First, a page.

This image is of two juxtaposed pictures: one of Abu Yusuf al Masri pledging bayat to an ISIS commander who is thought to be Omar al Shishani (right) and the other of Abu Yusuf with a Al Nusrah Front leader named Abu Hassan al Kuwaiti (left). The banner at the bottom of the picture of Abu Yusuf with Shishani reads, “the bayat of the soldiers of Jabhat al Julani [Al Nusrah Front] in Albu Kamal to the Islamic State of Iraq and the Sham.”
An Egyptian commander of an Al Nusrah Front faction in the border town of Albu Kamal in Syria’s Deir al Zour province has recently sworn allegiance to the rival Islamic State of Iraq and the Sham. The pledge to ISIS may help ISIS cement its control of both sides of the Syrian-Iraqi border along the Euphrates River.
The pledge of allegiance to the ISIS by Abu Yusuf al Masri, the former Al Nusrah commander, was reported on various Twitter accounts managed by jihadists, as well as by the Syrian Observatory for Human Rights (SOHR), an independent news organization that reports on the Syrian civil war. Photographs of Abu Yusuf and an unnamed “Chechen commander,” who looks to be none other than Omar al Shishani, a top ISIS military leader, have been published on Twitter.
Abu Yusuf appears to have two Twitter accounts: @M24544344 and @M2544344. An analysis by The Long War Journal indicates that both accounts appear to be run by Abu Yusuf. These accounts both follow and are followed by established jihadists. And the angry response by other jihadists associated with the Al Nusrah Front, including one who is photographed by the erstwhile Al Nusrah commander, suggests that Abu Yusuf’s tweets are legitimate.
Up until June 17, Abu Yusuf tweeted at an account called “Victory Front” (@M24544344, Jabhat al Nusrah); his last post that day was a retweet of al Qaeda ideologue Abu Musab al Suri’s treatise on guerrilla warfare. He resumed tweeting on June 23, but on a new account called “Abu Yusuf al Masri” (@M2544344). On his new account, he justified his decision to join ISIS by claiming that Ansar al Islam, which has clashed with ISIS and its predecessors for 10 years, has come to a truce with ISIS and joined “the State.”
“Ansar al Islam after fighting between it and the State that lasted for 10 years, its clerics and leaders agreed that this stage cannot bear the conflict so they united under the banner of the State two days ago,” he wrote.
Abu Yusuf’s claim of an agreement between ISIS and Ansar al Islam has not been corroborated, and it is unclear how he would be privy to such information. Neither ISIS nor Ansar al Islam has publicly disclosed such an agreement. But the two groups are operating as part of an alliance against the Iraqi government and have seized territory in Iraq’s Ninewa, Salahaddin, and Diyala provinces.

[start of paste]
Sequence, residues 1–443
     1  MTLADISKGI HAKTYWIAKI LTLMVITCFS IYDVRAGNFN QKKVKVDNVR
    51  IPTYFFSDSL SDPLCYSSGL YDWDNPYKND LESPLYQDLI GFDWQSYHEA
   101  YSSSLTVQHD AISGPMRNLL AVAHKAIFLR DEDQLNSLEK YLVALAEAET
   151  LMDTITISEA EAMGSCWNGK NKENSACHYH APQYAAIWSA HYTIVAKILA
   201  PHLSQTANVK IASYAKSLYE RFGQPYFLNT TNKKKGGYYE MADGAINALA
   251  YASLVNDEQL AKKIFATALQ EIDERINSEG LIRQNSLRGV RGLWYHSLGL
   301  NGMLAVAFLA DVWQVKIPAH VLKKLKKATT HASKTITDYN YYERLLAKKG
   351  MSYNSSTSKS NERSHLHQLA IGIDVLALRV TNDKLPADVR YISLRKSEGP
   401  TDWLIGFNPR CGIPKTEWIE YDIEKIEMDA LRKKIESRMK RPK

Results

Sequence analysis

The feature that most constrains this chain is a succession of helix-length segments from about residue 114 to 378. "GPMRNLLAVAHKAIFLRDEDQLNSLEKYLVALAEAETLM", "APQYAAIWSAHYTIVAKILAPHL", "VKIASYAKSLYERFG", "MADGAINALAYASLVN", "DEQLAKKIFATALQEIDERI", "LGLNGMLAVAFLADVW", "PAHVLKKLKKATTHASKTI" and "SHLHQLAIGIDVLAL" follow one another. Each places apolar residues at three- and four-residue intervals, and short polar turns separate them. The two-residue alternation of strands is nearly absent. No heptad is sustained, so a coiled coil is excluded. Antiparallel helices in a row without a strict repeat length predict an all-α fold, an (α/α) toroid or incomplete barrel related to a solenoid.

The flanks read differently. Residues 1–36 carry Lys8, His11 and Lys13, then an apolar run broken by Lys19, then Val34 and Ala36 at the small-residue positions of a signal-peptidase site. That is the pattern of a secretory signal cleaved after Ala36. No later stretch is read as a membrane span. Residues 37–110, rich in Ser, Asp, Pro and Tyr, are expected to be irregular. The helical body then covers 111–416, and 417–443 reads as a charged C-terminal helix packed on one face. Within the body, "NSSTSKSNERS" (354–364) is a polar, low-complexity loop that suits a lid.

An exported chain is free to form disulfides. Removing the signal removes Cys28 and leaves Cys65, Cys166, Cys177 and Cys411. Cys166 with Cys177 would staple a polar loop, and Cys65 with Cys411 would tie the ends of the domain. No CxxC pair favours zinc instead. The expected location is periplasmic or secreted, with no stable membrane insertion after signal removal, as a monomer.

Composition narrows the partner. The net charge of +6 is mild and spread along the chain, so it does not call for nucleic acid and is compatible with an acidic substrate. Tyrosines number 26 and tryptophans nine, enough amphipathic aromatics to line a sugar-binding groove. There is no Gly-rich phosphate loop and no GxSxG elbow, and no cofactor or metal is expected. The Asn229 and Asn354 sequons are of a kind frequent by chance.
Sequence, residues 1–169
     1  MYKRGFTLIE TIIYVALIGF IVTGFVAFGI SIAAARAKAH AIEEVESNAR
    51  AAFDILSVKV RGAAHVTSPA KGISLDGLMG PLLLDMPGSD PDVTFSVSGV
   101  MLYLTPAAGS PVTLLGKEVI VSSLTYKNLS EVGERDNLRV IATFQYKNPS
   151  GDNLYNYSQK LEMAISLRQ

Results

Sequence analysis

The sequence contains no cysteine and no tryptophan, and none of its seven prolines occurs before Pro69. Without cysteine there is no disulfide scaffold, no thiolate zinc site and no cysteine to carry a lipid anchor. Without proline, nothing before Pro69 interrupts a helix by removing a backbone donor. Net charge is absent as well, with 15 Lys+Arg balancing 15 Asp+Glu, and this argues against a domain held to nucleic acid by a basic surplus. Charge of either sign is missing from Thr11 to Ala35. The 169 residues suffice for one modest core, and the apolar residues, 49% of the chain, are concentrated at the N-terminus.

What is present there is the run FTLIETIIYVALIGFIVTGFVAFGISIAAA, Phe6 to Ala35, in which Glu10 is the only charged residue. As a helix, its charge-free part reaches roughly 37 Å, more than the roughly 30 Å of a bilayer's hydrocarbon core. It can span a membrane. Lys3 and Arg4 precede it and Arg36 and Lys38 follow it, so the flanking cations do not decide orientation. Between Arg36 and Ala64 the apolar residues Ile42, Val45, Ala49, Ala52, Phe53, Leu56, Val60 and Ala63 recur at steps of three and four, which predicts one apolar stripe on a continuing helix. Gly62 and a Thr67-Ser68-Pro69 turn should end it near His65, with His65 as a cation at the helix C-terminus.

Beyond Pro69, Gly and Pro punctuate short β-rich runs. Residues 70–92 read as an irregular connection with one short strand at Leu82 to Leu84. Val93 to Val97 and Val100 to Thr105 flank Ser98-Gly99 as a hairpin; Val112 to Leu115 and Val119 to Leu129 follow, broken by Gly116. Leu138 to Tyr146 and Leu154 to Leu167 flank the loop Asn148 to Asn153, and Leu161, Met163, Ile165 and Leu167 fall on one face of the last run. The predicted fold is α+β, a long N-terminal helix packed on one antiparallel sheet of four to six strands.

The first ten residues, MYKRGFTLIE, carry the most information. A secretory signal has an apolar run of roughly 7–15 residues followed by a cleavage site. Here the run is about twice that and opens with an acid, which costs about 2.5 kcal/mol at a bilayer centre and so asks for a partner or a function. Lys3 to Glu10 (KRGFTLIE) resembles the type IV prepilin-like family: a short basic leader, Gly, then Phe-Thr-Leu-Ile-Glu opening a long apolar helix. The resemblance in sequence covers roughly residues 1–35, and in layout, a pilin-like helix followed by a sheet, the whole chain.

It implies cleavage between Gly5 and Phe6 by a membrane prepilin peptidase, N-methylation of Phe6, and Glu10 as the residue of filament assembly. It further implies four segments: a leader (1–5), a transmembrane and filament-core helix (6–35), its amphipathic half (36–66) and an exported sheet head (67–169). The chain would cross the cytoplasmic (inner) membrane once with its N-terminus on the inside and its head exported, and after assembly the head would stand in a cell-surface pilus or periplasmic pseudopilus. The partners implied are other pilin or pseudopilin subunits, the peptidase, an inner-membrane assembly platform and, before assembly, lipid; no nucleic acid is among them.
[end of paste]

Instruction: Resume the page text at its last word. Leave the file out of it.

Abu Yusuf also urged that the differences between jihadist groups in Iraq and Syria be resolved before the US re-enters the conflict.
“We were one group, we differed in opinions and the hearts disputed, and blood was shed and the voice of reason fell silent and the sound of the artillery rose. By Allah, the blood of the mujahideen is above all theories and interpretations,” he tweeted.
“The matter is not related to an individual but to a subdued nation [ummah] that does not have the ease of the conflict, the enemy is gathering and America is planning, and it [America] will not distinguish between factions, soon America will come to promote virtue,” he continued.
An established jihadist known as Abu Hassan al Kuwaiti, who previously was pictured with Abu Yusuf (see picture above) expressed anger and disappointment with Abu Yusuf’s decision to defect from the Al Nusrah Front.
“How does he [Abu Yusuf] have the heart to betray his brothers besieged by ISIS in the city of Deir [al Zour?] who are being killed by the nusayri [Assad] regime, and he is extending his hand to shake with the killer ….” Abu Hassan wrote in a tweet today.
In another tweet today, Abu Hassan noted that “the blood of the Muslims and mujahideen has yet to be wiped off the land of Albu Kamal, so what heart does he have that he places his hand in the hand of he who kills them!”
Responding to arguments that Abu Yusuf joined ISIS in order to “unite the ranks” of the Muslims, Abu Hassan retorted, “Tomorrow he will join the rafida [Shi’ites] as well and Hezb al Shaytan [Hezbollah] and say that we were commanded to unite the ranks! What school of jurisprudence is this that allows one to leave Sunni groups and move over to the banner of the shockingly heretical ISIS?!”
Abu Yusuf’s defection was also noted by SOHR director Rami Abdurrahman, who commented that ISIS’ position along the Iraqi-Syrian border is now strengthened. “We cannot say (ISIS) controls Albu Kamal but we can say they are now in Albu Kamal,” he said.